Actuate Pursues Unconventional Business Model with BI Reporting Tool Project

The Eclipse Foundation’s BI Reporting Tool is fast maturing into a viable Java reporting solution. What does this mean for Actuate?

One year ago this month, Actuate Corp. and the Eclipse Foundation kicked off the BI Reporting Tool (BIRT) project, a top-level Eclipse effort to develop a native Java reporting solution.

This June, Eclipse announced the version 1.0 release of that product. BIRT 1.0 is far from ready for prime time, but user feedback is encouraging, and project development continues apace. The hope, adopters say, is that BIRT will soon mature into a highly functional reporting solution.

More vexing, however, is the question of what BIRT will mean for Actuate, which remains intimately involved with BIRT’s evolution as an Eclipse project.

The company suffers no lack of vision. In fact, officials say, Actuate had a very specific strategy in mind when it helped launch the BIRT effort last year: namely, to replicate (in the form of a pay-for-use BIRT tool, complete with value-added features and technical support) IBM Corp.’s fantastic ascent to commercial Java IDE dominance. “IBM was able to ride the disruptive potential of open-source [software], with Eclipse going from 0 to 65 percent over a three-plus-year vantage point. But also, IBM itself is now a leader in the Java IDE space,” said Mike Thoma, vice-president of product marketing with Actuate, in an interview earlier this year. “You have to be the first in so you don’t get commoditized out of the world, and with the first top-level business intelligence reporting tool for Eclipse, we’re in there first.”

No one disputes the pressing need for a standard Java-based reporting engine for J2EE applications. Given the economics of the J2EE app dev segment—which sometimes seems to hew very closely to the open-source side of the aisle—will Actuate’s open-source gambit translate into market success?

That’s a very distinct possibility, writes Eric Rogge, a vice-president and research director with consultancy Ventana Research. Rogge recently compared Actuate’s pay-for-use BIRT offering with the free Eclipse version. He found that the two products are virtually identical—except for a few ease-of-use differences.

“The Actuate and Eclipse versions are the same except that the Actuate version includes an automated installer, commercial licensing, maintenance and support from Actuate,” he writes. In any case, the BIRT technology and feature set is the same in both tools: It consists of a report development environment, a report file format specification, and a report rendering engine for tables and charts. Both BIRT versions are 100 percent Java applications, and both are capable of generating HTML- and PDF-based reports.

In this respect, he notes, the BIRT technology differs substantially from Actuate’s commercial reporting tools. “It does not compile report templates to an intermediate language as does Actuate’s iServer. It also does not generate reports as spreadsheets as does Actuate’s e.Spreadsheet product,” he writes.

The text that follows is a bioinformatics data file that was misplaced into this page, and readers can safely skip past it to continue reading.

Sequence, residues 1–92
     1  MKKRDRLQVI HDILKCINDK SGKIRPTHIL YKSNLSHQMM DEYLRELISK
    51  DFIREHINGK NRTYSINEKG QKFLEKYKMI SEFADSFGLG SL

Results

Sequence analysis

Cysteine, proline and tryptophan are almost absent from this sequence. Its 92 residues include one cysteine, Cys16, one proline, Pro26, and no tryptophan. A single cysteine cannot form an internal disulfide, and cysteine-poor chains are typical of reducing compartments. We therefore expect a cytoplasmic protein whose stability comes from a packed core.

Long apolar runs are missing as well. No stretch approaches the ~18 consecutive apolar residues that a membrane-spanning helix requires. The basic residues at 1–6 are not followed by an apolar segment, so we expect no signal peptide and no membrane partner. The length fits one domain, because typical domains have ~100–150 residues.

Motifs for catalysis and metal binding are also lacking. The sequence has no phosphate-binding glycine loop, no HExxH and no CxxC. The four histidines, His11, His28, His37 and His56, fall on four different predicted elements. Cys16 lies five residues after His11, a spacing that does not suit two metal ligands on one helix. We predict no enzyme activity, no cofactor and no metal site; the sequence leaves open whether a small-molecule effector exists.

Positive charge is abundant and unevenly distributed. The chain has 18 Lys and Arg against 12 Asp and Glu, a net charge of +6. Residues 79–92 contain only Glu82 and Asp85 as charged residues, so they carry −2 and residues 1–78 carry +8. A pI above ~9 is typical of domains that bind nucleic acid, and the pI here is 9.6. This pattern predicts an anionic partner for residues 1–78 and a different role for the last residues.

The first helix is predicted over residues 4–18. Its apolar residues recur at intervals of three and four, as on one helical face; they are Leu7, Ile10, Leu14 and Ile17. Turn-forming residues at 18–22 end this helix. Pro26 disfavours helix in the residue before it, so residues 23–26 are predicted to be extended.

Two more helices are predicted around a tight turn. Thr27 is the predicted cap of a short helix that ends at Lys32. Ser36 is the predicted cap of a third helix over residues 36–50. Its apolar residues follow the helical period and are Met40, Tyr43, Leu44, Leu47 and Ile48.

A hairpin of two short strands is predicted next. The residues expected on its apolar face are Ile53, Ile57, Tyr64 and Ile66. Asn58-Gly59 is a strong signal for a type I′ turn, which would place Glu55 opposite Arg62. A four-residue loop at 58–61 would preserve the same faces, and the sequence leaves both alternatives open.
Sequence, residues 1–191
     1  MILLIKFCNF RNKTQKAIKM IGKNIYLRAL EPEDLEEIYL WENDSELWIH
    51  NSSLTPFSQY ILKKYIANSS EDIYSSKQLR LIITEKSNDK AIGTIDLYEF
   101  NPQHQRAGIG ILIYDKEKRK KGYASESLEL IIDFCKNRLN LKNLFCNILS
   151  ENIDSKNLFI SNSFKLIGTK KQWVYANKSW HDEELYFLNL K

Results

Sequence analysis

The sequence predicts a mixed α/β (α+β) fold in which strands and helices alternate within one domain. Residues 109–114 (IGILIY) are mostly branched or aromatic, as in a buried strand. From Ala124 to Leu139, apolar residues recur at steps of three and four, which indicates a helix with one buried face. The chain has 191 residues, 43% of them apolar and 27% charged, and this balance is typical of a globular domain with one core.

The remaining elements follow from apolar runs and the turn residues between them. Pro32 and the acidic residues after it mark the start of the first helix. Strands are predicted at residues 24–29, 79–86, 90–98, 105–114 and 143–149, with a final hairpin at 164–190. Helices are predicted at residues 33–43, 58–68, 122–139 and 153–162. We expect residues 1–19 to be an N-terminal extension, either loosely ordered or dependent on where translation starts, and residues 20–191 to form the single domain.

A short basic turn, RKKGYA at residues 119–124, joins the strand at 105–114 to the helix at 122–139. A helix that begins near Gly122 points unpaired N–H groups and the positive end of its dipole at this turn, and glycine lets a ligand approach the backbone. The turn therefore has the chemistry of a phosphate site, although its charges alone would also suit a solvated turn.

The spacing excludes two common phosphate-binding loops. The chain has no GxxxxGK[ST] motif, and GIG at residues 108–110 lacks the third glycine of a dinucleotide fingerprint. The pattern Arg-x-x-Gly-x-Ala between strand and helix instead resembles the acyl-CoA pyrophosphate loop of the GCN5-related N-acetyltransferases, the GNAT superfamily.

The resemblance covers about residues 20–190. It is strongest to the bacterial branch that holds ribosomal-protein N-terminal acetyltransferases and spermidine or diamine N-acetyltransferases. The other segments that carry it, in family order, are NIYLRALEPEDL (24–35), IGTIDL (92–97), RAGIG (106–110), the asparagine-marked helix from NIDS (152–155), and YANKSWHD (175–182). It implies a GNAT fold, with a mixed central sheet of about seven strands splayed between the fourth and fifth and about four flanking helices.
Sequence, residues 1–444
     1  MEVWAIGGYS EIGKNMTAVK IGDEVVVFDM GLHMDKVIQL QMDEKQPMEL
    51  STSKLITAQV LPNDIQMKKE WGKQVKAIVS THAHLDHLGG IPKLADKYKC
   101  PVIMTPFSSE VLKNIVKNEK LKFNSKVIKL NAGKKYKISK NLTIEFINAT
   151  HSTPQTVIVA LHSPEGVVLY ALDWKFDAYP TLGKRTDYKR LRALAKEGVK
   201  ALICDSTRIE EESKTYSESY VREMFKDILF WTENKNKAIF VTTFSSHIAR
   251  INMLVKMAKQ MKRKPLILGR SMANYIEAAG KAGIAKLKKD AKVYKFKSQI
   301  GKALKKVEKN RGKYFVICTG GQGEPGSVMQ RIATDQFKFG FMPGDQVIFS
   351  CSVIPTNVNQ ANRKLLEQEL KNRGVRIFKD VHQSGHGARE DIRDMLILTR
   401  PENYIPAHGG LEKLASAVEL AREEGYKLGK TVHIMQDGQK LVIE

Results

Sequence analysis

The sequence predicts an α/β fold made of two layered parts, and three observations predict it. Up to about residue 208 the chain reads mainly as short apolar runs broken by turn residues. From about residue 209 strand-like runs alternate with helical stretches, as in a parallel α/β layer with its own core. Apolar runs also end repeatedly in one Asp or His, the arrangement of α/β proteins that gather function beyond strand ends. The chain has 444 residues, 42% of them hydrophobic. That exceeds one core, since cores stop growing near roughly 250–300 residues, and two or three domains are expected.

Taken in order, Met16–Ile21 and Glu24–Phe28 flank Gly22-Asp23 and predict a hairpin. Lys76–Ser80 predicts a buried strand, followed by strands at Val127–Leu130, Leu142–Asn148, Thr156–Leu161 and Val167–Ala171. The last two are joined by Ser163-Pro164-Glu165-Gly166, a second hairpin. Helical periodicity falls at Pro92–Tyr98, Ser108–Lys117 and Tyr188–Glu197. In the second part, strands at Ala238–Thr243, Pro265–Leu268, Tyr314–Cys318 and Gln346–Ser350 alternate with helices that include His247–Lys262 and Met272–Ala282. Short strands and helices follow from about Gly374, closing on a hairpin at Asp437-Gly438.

As a result, BIRT isn’t as robust as Actuate’s existing pay-for-use tools. For one thing, interactivity is highly limited—at this point, users can interact with reports mostly by means of embedded HTML forms (i.e., pull-down menus and radio buttons), says Rogge—and there’s limited support for dashboarding. Nevertheless, Rogge stresses, BIRT is a relatively strong first-generation product. “[I]n addressing reporting and dashboards, the initial release of BIRT is well positioned. Additional interactivity capabilities likely will be added in subsequent releases to address more ad-hoc analysis."

In fact, Rogge allows, BIRT has a lot of things going for it—such as a highly accessible API, for starters. “The BIRT report platform will be extensible via an API accessed through JavaScript and by custom programming of report files generated in XML by the report development environment,” he points out. “Query generation will be via query-by-example as well as custom SQL scripting. The tool also supports variables within the SQL statement.”

As to the $64,000 question—will open source adoption of BIRT translate into profit, much less market dominance, for Actuate?—Rogge hedges his bets. While it’s very likely that BIRT-associated revenues will translate into profits for Actuate, it’s not at all clear that open-source-to-commercial uptake of BIRT will amount to a viable business model for the company.

“Actuate’s business model is based on the expectation that organizations that download and learn the open source version of BIRT will then be motivated to license the company's commercial version, which includes maintenance and support from Actuate,” he explains, noting, however, that there are few successful examples of such a business model at work. “For BIRT to be a significant revenue contributor, Actuate will have to provide a compelling reason to upgrade beyond the availability of maintenance.”

Actuate’s Thoma, for his part, has attempted to do just that, nothing that many enterprise IT organizations want a “throat to choke” if something goes wrong.

There’s a lot to be said for this reasoning, concedes Rogge, who suggests that Actuate’s pay-for-use BIRT offering will probably appeal to risk-averse organizations and other traditional IT consumers. “Organizations concerned with indemnification, maintenance and support should consider purchasing a BIRT support subscription from Actuate."

Related Articles:

BIRT: Users Optimistic about Emerging Reporting Engine

Actuate’s Open Source Gambit

About the Author

Stephen Swoyer is a Nashville, TN-based freelance journalist who writes about technology.

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